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For the love of chocolate, PH brands search‍ for golden ticket in the Netherlands

Theo & Philo, formed in 2010, is the country’s first bean-to-bar
brand. —CONTRIBUTED PHOTO

It’s difficult not to notice Theo & Philo at the chocolate section of the supermarket.

One can only imagine what milk chocolate turon tastes like, or dark chocolate with labuyo, or dark chocolate with green mango and salt, which also happens to be the company’s bestseller in the Philippines. But Theo & Philo—which translates to chocolate and love—dares you not only to imagine, but to even give it a try.

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“There were definitely some people who didn’t get the concept of why it was different, especially since it’s priced a little higher than the imported chocolate,” the brand’s founder, Philo Chua, says in an interview with the Inquirer.

The quirky, albeit original flavors of the chocolate bars reflect Chua’s journey from being an information technology expert in his 20s to becoming a savvy baker in recent years.

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Living alone in the United States meant he had to fend for himself. He learned to cook, at times baking for fun.

“There was a period of time when I was making cookies just for fun. I always try different recipes. Every week, I’ll just try out something,” Chua says, recalling his life abroad. “I just bring them to the office because I can’t finish all of them,” he says.

He says he would even volunteer to make cake for colleagues during their birthdays.

One day, he went to a chocolate shop in Pittsburgh in Pennsylvania. The shop showcased chocolates from all over the world, where he chanced for the first time single-origin chocolates.

He made his first bar using cacao beans he ordered online. He wanted to make sure he knew how to do one.

But at the back of his mind was the question: Why not use cacao from the Philippines?

Now 41, Chua has made a living out of mixing chocolates with the unlikeliest flavors, such as adobo and his personal favorite calamansi, as tribute to his home. He returned in 2007.

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Theo & Philo, formed in 2010, is the first bean-to-bar brand in the Philippines. As the phrase bean-to-bar suggests, everything is made here, from cacao beans to the chocolate bars.

The company sources all of its cacao beans from Davao, buying directly from farmers. A taste of Theo & Philo is like nothing else, and yet it tastes so familiar, since it’s a combination of popular Filipino flavors.

“But I would say the majority of the people understand what we were trying to have. It’s about the Philippine cacao,” Chua says.

The company makes most of its money from sales to local consumers, even if its products are slightly pricey given its size (P115 each). Still, exports account for 10 percent of sales.

Americans, and not necessarily overseas Filipino workers, were their largest market outside the Philippines last year. Different countries like different flavors. France, he says for example, particularly liked the adobo-flavored bars.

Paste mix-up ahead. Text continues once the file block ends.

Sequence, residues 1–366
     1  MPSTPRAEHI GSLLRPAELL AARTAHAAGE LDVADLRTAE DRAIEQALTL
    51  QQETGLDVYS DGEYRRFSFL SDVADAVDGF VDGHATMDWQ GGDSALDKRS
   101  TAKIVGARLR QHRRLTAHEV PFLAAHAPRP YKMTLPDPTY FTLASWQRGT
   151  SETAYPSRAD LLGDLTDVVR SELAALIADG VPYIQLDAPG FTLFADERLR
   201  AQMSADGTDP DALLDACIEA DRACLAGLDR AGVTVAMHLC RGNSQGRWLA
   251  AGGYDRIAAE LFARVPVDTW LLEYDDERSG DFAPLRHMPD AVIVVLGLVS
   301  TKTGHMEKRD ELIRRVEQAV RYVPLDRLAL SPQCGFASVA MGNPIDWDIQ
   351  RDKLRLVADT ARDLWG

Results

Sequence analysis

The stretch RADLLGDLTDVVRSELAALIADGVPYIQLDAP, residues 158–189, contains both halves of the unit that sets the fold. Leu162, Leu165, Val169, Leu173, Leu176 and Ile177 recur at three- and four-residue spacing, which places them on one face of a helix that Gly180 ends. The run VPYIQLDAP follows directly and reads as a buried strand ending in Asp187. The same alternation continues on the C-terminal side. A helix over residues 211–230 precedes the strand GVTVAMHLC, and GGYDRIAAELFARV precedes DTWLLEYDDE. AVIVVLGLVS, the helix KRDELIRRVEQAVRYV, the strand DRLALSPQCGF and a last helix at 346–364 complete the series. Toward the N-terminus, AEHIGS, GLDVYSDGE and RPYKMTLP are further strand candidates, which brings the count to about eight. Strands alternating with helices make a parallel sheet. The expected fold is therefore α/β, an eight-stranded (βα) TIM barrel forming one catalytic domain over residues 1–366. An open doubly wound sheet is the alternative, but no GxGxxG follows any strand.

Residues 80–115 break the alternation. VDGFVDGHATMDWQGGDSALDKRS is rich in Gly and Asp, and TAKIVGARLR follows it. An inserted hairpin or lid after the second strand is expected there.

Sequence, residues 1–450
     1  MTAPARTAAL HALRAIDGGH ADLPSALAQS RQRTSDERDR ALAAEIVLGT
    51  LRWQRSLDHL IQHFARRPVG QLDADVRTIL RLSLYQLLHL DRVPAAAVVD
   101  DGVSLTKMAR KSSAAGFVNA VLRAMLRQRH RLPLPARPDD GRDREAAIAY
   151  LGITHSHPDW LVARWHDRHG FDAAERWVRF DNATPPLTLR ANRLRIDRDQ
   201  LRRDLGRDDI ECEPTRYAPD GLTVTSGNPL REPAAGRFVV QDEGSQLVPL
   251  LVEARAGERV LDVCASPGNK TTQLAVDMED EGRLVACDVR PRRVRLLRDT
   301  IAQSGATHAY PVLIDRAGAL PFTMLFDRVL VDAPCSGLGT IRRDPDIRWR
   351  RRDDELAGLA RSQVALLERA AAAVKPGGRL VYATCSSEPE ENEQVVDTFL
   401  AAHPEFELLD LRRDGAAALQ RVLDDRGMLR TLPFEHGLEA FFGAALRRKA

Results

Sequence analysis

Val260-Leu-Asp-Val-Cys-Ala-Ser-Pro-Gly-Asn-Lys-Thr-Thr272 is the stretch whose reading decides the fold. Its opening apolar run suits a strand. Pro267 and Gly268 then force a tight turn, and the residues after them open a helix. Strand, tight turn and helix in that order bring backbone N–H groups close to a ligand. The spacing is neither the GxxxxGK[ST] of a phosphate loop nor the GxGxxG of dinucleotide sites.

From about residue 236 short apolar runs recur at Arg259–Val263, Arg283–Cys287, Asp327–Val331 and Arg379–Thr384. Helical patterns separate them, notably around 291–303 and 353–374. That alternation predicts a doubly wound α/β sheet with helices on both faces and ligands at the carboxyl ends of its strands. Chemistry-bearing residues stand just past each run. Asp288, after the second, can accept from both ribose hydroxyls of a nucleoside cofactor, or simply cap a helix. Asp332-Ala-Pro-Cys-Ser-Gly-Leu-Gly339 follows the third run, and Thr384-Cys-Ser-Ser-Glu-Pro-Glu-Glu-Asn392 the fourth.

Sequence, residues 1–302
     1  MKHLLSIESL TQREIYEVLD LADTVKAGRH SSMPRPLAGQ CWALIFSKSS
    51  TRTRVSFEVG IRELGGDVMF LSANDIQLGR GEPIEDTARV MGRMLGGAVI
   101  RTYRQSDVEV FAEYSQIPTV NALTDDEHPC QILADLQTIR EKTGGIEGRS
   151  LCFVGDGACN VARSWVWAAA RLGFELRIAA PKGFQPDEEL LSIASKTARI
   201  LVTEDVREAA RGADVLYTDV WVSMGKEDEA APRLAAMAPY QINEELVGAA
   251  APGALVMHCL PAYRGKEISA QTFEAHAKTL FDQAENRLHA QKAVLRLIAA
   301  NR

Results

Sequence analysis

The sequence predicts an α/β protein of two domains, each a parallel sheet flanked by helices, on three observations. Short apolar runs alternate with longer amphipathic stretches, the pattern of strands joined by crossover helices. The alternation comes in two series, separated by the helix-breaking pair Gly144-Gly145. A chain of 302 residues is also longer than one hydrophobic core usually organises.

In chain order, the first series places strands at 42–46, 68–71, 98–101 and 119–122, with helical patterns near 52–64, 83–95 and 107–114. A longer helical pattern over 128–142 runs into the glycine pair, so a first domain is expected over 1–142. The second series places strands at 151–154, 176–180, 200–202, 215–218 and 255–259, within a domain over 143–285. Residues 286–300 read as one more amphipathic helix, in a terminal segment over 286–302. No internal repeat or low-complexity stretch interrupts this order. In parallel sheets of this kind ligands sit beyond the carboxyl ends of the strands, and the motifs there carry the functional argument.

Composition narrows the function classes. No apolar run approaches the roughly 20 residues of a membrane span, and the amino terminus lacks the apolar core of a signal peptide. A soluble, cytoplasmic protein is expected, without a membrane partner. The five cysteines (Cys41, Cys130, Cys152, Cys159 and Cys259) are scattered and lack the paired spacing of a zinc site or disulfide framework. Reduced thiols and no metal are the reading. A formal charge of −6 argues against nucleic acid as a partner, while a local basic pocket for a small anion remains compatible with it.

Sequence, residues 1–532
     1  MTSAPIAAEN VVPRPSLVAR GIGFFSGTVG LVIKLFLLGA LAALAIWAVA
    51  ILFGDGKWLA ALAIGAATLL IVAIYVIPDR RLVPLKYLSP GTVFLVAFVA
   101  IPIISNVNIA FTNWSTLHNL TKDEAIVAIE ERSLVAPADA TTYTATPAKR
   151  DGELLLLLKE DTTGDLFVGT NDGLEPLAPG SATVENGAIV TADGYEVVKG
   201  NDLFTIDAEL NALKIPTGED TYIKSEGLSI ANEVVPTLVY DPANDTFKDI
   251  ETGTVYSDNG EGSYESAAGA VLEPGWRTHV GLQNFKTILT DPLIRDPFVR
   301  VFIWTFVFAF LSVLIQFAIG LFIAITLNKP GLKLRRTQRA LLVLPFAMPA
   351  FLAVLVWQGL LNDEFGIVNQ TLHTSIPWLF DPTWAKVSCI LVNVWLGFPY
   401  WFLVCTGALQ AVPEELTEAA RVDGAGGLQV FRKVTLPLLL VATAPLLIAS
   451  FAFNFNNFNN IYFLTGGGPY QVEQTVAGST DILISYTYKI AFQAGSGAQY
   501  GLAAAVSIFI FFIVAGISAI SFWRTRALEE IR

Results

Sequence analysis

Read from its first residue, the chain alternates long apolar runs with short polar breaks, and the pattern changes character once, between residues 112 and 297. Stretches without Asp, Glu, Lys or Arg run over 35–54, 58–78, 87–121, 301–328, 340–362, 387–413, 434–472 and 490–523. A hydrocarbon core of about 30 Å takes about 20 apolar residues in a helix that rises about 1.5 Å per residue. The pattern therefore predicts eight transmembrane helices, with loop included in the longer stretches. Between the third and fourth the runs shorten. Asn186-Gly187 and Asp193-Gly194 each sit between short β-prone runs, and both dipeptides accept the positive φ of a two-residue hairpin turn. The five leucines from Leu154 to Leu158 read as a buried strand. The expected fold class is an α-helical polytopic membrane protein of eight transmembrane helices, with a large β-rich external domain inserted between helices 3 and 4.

Next month, Theo & Philo will be joining a local business delegation at a chocolate trade fair in the Netherlands, which also happens to be the world’s largest importer of cacao beans. Popularly called the Chocoa, the Cocoa Trade Show and Chocolate Festival is a five-day event, and a potentially important business opportunity for members of the industry worldwide.

“We are starting strong this year in our export drive on cacao and chocolate with the country’s first participation in Chocoa, known as the leading chocolate import event in Europe,” says Abdulgani Macatoman, Department of Trade and Industry (DTI) Undersecretary for Trade and Promotions Group.

Other companies in the delegation are Malagos Agri-ventures Corp., Kennemer Foods International Inc., MS3 Agri-ventures Corp., Tiger Craft Food and Beverage Co. Inc., Kablon Farms and Biao Agrarian Reform Beneficiaries Cooperative.

“We expect that our specialty chocolates will be particularly popular since there is an increasing demand for high-quality chocolate from Dutch consumers and they are willing to shell out extra for better tasting and more sustainably sourced products,” Macatoman added.

Chua says he does not know yet what to expect from Chocoa, since it will be his first time to join.

But Netherlands, being a top importer of cacao beans, may as well be the point he was trying to make when he started his company years ago.

Some countries that have become popular for making chocolates are not known for growing their own raw ingredients, an irony which strikes as a wasted opportunity for countries like the Philippines.

Not all countries can grow their own cacao. You have to be in the cocoa belt, which is an area about 10 to 20 degrees north and south of the equator, the DTI said.

“Swiss [chocolate] brands, Belgian chocolate, American chocolate. Not one of these countries can produce a single cacao. They have to get it from countries like ours,” Chua says.

“[Other countries] just manufacture it there, but there’s no reason why we cannot make it here. We have the raw material here. So it sounds so silly,” he says. “Why are they better than us?”

He says Theo & Philo may be a small company now, but having a homegrown cacao may yet be the key to a sweet success.

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